Latest release: Don’t You Believe What You’ve Seen or You’ve Heard (Festival/Warner)

The Opera House stage is in darkness. A series of wires bent into the shape of an S start burning across the foot of the stage and the unmistakable sound of a chainsaw rips through the room. Wood flies everywhere as a man cuts his way out of a huge wooden box and the band burst into their set. It’s September 1974, and Skyhooks have just introduced themselves to Sydney.

“That was just after we released ‘Living in the 70s’ as a single and we were up there supporting Sherbet, of all people,” recalls guitarist ‘Bongo’ Bob Starkie. “I could hardly even hold a plectrum. The whole thing was really pretty scary for me, to be honest. To be on the stage at the Opera House, only a year after we’d started, virtually… it was pretty fast-track.”

Almost unknown outside of Melbourne, Skyhooks’ first album was still a month away from release.

“There was a lot of people just going, ‘Meh!'” Starkie continues, “especially the Sydneyites who were there for Sherbet – Who are these dickheads? And because [Sherbet] were riding so high, we became a threat. That’s what we loved! We loved blowing the headliner off the stage. That’s what gives you the motivation. And we did that for quite some time. We ended up getting up the top and then, of course, there was nowhere to go (but) down.”

Issued in October 1974, Living in the 70s was a sleeper until second single ‘Horror Movie’ came out in March the next year and hit #1. The album soon followed, staying at the top of the chart for an incredible four months. When Ego is Not a Dirty Word was released in July 1975, it hogged the #1 slot for eleven weeks. A little more than two years after being formed by songwriting bassist Greg Macainsh and his drummer friend Freddie Strauks, Skyhooks was now the biggest band in the country. Soon, America was beckoning, but the market there just didn’t understand this glammed-up mob of Melbourne misfits and wrote them off as nothing more than Kiss clones – a misappropriation if ever there was one. The band was simply too foreign, too Australian. Macainsh’s location-checking lyrical references gave Skyhooks a character that was unique to their homeland. It was a big part of their appeal.

“I think the reason we got so popular so quickly had a lot to do with that,” Bongo agrees. “It was like, Wow! This is an Australian band, unlike anybody else! It didn’t sound like anybody else, and we did write about Australian things. The first album was about Melbourne and the Vietnam War and the call-up and all that stuff. It was that first album, because it had ‘Carlton’ on it, ‘Toorak Cowboy’… it was a big hanger to hang that Australian thing off. And ‘Horror movie, it’s the 6.30 news’. That was very Australian too.”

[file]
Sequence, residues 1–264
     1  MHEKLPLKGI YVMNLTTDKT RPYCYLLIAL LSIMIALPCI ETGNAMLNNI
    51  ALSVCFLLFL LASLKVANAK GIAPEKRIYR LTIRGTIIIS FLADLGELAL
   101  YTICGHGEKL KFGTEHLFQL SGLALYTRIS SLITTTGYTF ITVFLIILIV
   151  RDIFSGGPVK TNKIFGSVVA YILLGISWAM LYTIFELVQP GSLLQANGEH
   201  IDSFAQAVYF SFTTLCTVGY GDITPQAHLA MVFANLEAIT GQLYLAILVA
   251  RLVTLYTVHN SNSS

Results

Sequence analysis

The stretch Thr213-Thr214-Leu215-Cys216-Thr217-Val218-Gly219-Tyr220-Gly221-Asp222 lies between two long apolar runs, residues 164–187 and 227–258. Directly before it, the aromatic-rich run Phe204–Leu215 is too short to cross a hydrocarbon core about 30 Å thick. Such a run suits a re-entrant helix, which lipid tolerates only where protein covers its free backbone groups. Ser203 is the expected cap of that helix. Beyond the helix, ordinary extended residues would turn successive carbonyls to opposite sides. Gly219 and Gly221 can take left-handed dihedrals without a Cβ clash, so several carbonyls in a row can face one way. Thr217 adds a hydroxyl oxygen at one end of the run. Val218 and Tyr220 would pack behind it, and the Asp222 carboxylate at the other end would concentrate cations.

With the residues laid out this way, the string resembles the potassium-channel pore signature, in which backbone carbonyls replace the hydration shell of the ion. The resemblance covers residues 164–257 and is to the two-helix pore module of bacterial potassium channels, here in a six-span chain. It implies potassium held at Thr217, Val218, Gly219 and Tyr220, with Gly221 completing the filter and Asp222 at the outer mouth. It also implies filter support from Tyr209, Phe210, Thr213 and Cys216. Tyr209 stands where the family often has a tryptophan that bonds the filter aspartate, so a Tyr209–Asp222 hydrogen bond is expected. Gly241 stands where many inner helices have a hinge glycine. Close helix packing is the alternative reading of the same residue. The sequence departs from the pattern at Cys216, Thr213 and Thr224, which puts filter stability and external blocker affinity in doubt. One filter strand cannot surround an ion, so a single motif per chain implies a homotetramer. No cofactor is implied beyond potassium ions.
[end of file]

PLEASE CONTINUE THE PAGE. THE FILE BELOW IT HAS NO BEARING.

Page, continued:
Their experience across the Pacific inspired their next album, Straight in a Gay Gay World, a #2 success, but the band had hit so big so quickly that things, as Starkie says, “started to get a little bit weird.”

“Those [first] two albums were pretty much written before the first one was released, so we had a whole stack of tunes. After that, songs needed to be written and what have you,” the guitarist says. “Greg’s pretty highly strung. His health suffered from all these nerves and what have you and over the period of playing in Skyhooks we had to replace him with different bass players every now and then because his health would just drop away. I think he took the pressure on board a little too much when it came to moving forward with the songs and song writing.”

Despite the charisma and magnetism of singer Shirley Strachan and the group’s other guitarist Red Symons, Starkie asserts that Skyhooks was always Greg Macainsh’s band.

“He hired me, and I was there to play his songs, basically. But if you could come up with a song and it got up there, that was fine. You had to realise that it couldn’t just be any song. It had to be something in keeping with the spirit of the Skyhooks thing, which is just a little bit left of centre and basically have the middle finger up.”

It was only the contumacious Symons who managed to get Skyhooks to include his songs on their albums, and even convinced them to let him do the vocals as well.